Here at the library we think a lot about research and information literacy. In short, we think about helping students to develop the skills which will empower them to understand an information need, to be able to identify the best sources, and to be able to critically evaluate that information for credibility, reliability, veracity, and to follow where the evidence leads. All of these skills are essential for writing good papers but are equally important to being savvy information consumers as professionals, citizens, and individuals who operate in a world of often dubious if not outright misleading claims.
One could call this skill set and the ability to employ it in your own writing critical thinking ability. But, I prefer to call it a “Baloney Detection Kit.” The late great Carl Sagan coined this phrase to denote:
“…the means to construct, and to understand, a reasoned argument and—especially important—to recognize a fallacious or fraudulent argument. The question is not whether we like the conclusion that emerges out of a train of reasoning, but whether the conclusion follows from the premise or starting point and whether that premise is true.”
To build your “Baloney Detection Kit” with the tools for skeptical (or critical) thinking proposed by Dr. Sagan check out The Demon Haunted World: Science As A Candle In The Dark from the library.
The story of workers, increasingly comprised of immigrant laborers, paid low wages toiling long hours in extraordinarily dangerous and often unsanitary conditions with little to no protection or recourse. The story of the American meatpacking industry, where behind the walls of packaging plants the realities of slaughtering and processing animals into meat is anything but appetizing. I could easily be describing a news story or any number of books and documentaries chronicling the current state of American food, in particular meat, but this story is from the book The Jungle which is now 107 years old.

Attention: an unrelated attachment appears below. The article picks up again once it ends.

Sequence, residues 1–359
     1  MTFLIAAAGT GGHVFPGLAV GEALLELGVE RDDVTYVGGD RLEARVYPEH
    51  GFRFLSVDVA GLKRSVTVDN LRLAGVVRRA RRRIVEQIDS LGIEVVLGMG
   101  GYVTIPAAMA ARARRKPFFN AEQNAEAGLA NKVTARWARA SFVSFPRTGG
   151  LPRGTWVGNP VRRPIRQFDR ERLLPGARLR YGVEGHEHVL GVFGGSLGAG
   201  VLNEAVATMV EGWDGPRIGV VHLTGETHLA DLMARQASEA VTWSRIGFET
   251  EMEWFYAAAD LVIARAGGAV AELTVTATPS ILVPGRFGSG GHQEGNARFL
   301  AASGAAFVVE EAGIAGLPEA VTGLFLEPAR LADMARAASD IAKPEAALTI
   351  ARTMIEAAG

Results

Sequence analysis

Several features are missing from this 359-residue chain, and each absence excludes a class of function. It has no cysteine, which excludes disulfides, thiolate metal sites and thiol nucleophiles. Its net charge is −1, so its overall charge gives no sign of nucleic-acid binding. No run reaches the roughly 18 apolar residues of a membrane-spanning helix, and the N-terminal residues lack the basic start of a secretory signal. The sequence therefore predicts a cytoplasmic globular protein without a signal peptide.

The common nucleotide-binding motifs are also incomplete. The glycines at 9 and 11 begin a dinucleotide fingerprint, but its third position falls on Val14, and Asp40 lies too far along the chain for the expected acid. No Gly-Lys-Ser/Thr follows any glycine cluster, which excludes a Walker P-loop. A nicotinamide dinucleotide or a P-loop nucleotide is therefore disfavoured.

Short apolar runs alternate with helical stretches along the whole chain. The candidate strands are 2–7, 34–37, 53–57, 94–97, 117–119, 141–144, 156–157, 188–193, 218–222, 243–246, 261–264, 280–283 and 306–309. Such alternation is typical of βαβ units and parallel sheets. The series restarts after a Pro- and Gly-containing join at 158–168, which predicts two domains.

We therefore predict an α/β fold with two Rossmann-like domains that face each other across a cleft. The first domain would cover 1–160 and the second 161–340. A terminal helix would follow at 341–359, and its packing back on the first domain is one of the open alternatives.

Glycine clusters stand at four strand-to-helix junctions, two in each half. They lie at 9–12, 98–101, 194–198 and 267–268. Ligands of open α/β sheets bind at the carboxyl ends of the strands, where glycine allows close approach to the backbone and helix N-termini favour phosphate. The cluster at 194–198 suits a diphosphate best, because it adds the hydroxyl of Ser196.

Upton Sinclair wrote the 1906 muckraking novel The Jungle to expose the deplorable working conditions experienced by Eastern European immigrants toiling in dangerous and unsanitary slaughterhouses in the Packingtown District of Chicago. The general public however seized upon the books descriptions of contaminated and rotten meat and consumer demand quickly led to the passage of The Federal Meat Inspection Act and The Federal Food and Drug Act, which in effect established the FDA (Food and Drug Administration).
Not so different than the one Sinclair told, the story of today’s meat industry involves working in a job with one of the highest rates of injury and illness (see, Safety and Health Guide for the Meatpacking Industry and Poultry Processing Industry eTool) , low wages (mean hourly wage of $11.99), and an increasingly immigrant workforce drawn primarily from Latin America who are disproportionately vulnerable to exploitation (Artz, Jackson, & Orazem, 2010). It is the story of the cost of cheap meat involving regular outbreaks of foodborne illness, concerns over antibiotic use in livestock, abuse of animals, and pollution from factory farms. Today it is also the story of the public’s right to know how we get our meat when Ag-Gag laws limit the ability of muckrakers like Sinclair to inform the public to just what is going on behind those factory walls.
Artz, G., Jackson, R., & Orazem, P. F. (2010). Is it a jungle out there? Meat packing, immigrants, and rural communities. Journal of Agricultural and Resource Economics, 35(2), 299-315.
Check out these other books from the library to learn more about the modern food system.
Arthur, Guinevere, Lancelot, Merlin, Morgan Le Fay, the Knights of the Round Table, Camelot, The Holy Grail…the stuff of medieval legend to be sure but each of those words still has the power to elicit a response (if only of superficial recognition) among even the most thoroughly modern audience. Very few of us have probably read Sir Thomas Malory’s Le Morte d’Arthur or could be considered scholars on the intricacies of Arthurian legend but most of us could sketch the basic story, relationships, and intrigues. Perhaps this is because the legend of Camelot is seemingly inescapably all around us. In King Arthur in Popular Culture, a collection of 18 essays, the presence of Arthurian legend in our everyday lives is explored in interesting ways. From King Arthur Flour, to television shows like Babylon 5 and Dr. Who, tarot cards, video games, and comics it appears the lure of Camelot remains.
From the publisher’s description:
“The legend of King Arthur is embedded in British and American culture. Contemporary America, in particular, is a rich breeding ground for the Arthurian mythos, not only in films, novels, short stories, and fantasy and science fiction, but in other areas of popular and mass culture as well.